Don't want a truck? That's okay. Here's the Tesla Cybercar, envisioned as the cheapest Tesla ever.
See how the Tesla Cybertruck becomes the Tesla Cybercar in this new set of renderings. The car, more a hatchback, mimics the appearance of the Cybertruck, but it's envisioned to be the cheapest Tesla ever made. In fact, cheap is the primary focus. How cheap? The theory is that such a car could be sold for just $25,000.
Well get back to the pricing bit in a moment, but first, let's take a look at the Cybercar's exterior design.
***Images used with permission from TopSpeed.com
Cheap but not pretty. That's fine by us provided it truly is affordable. The fine folks over at TopSpeed provided us with an overload of information as to why and how the Cybercar can be so cheap, so let's jump right in.
In condensed form, here are the main highlights:
The Tesla Cybercar Will Be Cheap Before Pretty
Fact: Stainless steel isn’t the cheapest metal to manufacture, but it’s significantly cheaper than aluminum.
While cold-rolled stainless steel panels will help Tesla reduce costs by not using a stamping press, the Cybercar won’t be as pretty as the Model 3 or Model S. That’s because it will look a lot like the Cybertruck...
No Paint Saves Money
Fact: The paint on an average sedan can weigh up to 11 pounds !
This is a simple fact that we tend to ignore. Painting cars is expensive. Not because the paint itself is expensive, but because painting a car requires a paint shop and a lot of time.
Paint can add up to $5,000 and 8-14 pounds.
The Tesla Cybercar Doesn’t Need To Be Fast
A smaller battery means less power and speed, but it also means a shorter range
Mostly a compact car for crowded city streets, the Cybercar doesn’t need to be as wild as all the other models in the Tesla lineup. This means that Tesla can reduce costs by fitting a smaller battery and a one-motor drivetrain.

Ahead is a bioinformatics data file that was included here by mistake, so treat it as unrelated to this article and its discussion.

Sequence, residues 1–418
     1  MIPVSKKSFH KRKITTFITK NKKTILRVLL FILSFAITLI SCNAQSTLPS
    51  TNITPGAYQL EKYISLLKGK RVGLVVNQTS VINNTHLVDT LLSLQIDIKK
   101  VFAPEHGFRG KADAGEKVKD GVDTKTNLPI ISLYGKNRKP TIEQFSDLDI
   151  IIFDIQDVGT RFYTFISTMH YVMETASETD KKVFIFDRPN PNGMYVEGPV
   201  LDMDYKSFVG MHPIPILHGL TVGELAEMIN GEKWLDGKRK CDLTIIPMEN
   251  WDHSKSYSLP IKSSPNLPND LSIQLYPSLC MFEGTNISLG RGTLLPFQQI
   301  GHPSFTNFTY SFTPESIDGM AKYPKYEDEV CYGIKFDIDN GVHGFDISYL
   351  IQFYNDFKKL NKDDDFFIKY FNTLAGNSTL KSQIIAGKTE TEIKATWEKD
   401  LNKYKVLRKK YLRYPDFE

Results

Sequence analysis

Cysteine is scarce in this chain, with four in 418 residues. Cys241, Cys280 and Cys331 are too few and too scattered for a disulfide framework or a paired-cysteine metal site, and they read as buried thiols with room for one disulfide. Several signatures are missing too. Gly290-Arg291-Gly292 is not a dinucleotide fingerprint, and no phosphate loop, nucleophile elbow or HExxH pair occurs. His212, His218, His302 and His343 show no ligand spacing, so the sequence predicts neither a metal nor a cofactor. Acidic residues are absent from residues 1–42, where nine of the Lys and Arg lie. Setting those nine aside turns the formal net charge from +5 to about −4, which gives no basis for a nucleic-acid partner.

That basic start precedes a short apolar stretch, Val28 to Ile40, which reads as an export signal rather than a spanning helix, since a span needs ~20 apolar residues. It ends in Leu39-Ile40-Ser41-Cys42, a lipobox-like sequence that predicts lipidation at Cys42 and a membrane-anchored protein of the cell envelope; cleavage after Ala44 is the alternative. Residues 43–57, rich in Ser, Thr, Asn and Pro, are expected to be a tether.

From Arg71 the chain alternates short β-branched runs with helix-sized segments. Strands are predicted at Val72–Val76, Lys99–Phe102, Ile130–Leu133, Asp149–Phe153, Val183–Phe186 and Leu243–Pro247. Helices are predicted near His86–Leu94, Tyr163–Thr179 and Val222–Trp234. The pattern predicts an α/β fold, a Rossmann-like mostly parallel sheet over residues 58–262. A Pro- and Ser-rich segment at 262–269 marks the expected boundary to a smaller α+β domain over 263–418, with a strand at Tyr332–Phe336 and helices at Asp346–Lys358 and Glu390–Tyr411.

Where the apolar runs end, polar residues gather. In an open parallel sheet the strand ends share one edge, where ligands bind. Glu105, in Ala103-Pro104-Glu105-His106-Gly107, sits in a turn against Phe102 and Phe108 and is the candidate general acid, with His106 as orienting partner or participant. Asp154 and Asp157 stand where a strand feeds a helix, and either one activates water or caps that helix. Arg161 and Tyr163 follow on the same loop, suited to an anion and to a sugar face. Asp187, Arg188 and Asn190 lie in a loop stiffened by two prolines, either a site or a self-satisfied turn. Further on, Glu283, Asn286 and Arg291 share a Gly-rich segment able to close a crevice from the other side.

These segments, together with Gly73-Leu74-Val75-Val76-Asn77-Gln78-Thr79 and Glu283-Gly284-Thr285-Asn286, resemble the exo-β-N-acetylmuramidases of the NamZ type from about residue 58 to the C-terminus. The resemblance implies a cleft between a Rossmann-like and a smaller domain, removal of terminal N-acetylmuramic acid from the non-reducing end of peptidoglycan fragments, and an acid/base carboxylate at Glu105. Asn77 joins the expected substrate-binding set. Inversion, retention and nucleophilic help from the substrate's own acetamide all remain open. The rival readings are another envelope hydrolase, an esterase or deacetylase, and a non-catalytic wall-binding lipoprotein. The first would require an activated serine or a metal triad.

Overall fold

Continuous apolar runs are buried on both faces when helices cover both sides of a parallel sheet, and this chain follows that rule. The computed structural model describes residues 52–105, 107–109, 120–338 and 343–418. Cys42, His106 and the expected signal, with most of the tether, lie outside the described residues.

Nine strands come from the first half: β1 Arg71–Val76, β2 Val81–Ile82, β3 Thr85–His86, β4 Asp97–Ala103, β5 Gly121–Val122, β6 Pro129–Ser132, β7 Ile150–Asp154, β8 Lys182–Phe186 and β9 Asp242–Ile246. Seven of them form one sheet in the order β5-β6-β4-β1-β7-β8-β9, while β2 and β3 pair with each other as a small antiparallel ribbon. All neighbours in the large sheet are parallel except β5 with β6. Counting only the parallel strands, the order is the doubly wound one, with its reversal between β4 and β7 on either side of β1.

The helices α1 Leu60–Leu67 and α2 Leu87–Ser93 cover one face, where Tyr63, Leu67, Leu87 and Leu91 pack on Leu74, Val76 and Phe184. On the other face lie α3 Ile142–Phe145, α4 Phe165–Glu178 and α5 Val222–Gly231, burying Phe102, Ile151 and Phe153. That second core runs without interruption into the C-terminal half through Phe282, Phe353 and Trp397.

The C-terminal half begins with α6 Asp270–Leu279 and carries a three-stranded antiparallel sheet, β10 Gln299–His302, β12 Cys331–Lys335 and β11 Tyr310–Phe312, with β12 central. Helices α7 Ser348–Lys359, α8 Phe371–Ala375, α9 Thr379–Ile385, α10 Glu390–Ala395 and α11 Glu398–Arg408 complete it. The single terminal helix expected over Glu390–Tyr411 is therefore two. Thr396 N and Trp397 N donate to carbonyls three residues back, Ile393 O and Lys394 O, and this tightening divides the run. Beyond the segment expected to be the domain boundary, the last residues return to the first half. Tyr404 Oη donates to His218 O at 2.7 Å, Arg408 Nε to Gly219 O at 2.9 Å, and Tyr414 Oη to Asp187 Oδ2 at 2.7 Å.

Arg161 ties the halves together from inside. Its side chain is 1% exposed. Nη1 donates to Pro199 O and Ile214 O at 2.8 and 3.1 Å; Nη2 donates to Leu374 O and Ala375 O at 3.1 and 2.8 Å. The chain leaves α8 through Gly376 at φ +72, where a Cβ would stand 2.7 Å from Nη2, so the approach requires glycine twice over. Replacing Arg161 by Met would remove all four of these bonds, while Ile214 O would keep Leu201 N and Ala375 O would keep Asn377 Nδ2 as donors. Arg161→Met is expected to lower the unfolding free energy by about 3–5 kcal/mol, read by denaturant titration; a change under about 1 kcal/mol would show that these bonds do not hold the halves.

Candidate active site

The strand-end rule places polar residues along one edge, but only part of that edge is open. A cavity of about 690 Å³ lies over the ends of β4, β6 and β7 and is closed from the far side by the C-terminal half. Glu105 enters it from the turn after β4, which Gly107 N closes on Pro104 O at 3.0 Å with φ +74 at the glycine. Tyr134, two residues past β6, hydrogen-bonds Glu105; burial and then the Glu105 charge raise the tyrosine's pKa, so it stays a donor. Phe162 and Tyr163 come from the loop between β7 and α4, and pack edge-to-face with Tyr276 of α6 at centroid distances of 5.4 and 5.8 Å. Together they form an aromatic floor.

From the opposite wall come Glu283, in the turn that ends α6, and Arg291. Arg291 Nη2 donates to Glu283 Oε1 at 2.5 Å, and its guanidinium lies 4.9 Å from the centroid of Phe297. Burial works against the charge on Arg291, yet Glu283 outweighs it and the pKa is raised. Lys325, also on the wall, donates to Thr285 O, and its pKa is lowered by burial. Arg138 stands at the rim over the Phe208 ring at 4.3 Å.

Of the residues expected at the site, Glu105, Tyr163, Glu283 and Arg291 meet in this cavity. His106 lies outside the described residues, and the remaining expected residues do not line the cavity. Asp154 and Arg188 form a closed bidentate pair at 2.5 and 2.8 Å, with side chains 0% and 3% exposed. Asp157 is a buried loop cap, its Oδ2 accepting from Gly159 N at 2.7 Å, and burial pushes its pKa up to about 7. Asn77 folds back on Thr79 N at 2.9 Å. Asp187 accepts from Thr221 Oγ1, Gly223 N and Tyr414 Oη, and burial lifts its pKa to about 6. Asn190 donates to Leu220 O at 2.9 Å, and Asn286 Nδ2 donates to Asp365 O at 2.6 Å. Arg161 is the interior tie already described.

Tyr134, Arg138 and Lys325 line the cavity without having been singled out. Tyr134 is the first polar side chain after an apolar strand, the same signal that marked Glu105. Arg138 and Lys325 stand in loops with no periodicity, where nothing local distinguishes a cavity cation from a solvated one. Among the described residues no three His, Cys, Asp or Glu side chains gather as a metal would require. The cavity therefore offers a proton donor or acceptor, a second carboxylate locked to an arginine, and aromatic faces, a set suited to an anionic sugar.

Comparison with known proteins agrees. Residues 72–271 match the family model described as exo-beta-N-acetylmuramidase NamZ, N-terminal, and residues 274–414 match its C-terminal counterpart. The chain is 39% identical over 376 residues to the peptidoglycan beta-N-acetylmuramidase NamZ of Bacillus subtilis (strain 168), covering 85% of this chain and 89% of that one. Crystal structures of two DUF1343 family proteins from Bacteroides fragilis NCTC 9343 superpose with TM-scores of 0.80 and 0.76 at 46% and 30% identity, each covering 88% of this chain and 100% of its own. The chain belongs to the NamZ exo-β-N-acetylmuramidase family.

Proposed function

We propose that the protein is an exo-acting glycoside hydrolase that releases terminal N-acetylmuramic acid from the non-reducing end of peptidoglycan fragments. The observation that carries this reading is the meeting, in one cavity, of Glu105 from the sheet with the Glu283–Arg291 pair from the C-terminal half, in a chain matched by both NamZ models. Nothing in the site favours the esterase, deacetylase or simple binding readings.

Tesla Cybercar Range
The Cybercar will still travel a lot and would need at least 250 miles of range per charge... or will it?
Range is always a much-debated subject. If the ultimate priority is a $25,000 Tesla Cybercar with an emphasis on hitting that price point, we'd be okay with a range of approximately 200 miles. That would mean that the Cybercar would have the lowest range of any Tesla sold today, but it would also be the cheapest Tesla by a wide margin.
Anything less than 200 miles would mean a re-thinking of Supercharger placement (more Superchargers required) and that's not really ideal. It's often easier for Tesla to add stall to existing Superchargers rather than to build all new ones and the current Supercharger placement is largely predicted by the range of its cars.
The question is, would you buy this imagined Tesla Cybercar for $25,000 if it had a range of 200 miles, a single-motor setup and a very simplistic interior? Or would you step up to the Model 3 or some other Tesla instead?
Video description via Topspeed on YouTube:
We created a rendering for a possible Tesla Cybercar, based on the design and architecture of the Cybertruck, but smaller and potentially the cheapest Tesla ever, under $25,000.
How would that be possible?
Exoskeleton manufacturing savings
Smallest Tesla battery pack ever
Slowest Tesla ever
No Steering wheel
= Cheapest Tesla Ever = Cybercar
Come and join our discussion with Robert More, editor in chief at TopSpeed.com, about the possible future of a Cybercar and all the potential benefits of making the cheapest tesla vehicle ever.